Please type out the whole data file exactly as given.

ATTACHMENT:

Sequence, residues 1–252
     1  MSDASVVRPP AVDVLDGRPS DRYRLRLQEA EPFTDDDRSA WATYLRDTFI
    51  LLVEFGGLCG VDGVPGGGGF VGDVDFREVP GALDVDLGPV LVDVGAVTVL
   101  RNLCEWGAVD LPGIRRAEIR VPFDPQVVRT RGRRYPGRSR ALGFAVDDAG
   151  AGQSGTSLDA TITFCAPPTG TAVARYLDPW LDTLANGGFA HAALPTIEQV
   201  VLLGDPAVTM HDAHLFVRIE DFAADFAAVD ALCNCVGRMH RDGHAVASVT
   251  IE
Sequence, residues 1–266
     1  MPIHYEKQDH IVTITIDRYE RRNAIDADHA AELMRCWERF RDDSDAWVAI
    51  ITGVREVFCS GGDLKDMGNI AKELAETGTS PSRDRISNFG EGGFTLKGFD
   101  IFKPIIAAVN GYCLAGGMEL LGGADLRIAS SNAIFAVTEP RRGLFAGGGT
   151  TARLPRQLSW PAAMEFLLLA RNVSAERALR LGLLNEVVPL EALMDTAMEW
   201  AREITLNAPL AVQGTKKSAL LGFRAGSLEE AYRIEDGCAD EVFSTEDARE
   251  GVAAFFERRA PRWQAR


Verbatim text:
Sequence, residues 1–252
     1  MSDASVVRPP AVDVLDGRPS DRYRLRLQEA EPFTDDDRSA WATYLRDTFI
    51  LLVEFGGLCG VDGVPGGGGF VGDVDFREVP GALDVDLGPV LVDVGAVTVL
   101  RNLCEWGAVD LPGIRRAEIR VPFDPQVVRT RGRRYPGRSR ALGFAVDDAG
   151  AGQSGTSLDA TITFCAPPTG TAVARYLDPW LDTLANGGFA HAALPTIEQV
   201  VLLGDPAVTM HDAHLFVRIE DFAADFAAVD ALCNCVGRMH RDGHAVASVT
   251  IE
Sequence, residues 1–266
     1  MPIHYEKQDH IVTITIDRYE RRNAIDADHA AELMRCWERF RDDSDAWVAI
    51  ITGVREVFCS GGDLKDMGNI AKELAETGTS PSRDRISNFG EGGFTLKGFD
   101  IFKPIIAAVN GYCLAGGMEL LGGADLRIAS SNAIFAVTEP RRGLFAGGGT
   151  TARLPRQLSW PAAMEFLLLA RNVSAERALR LGLLNEVVPL EALMDTAMEW
   201  AREITLNAPL AVQGTKKSAL LGFRAGSLEE AYRIEDGCAD EVFSTEDARE
   251  GVAAFFERRA PRWQAR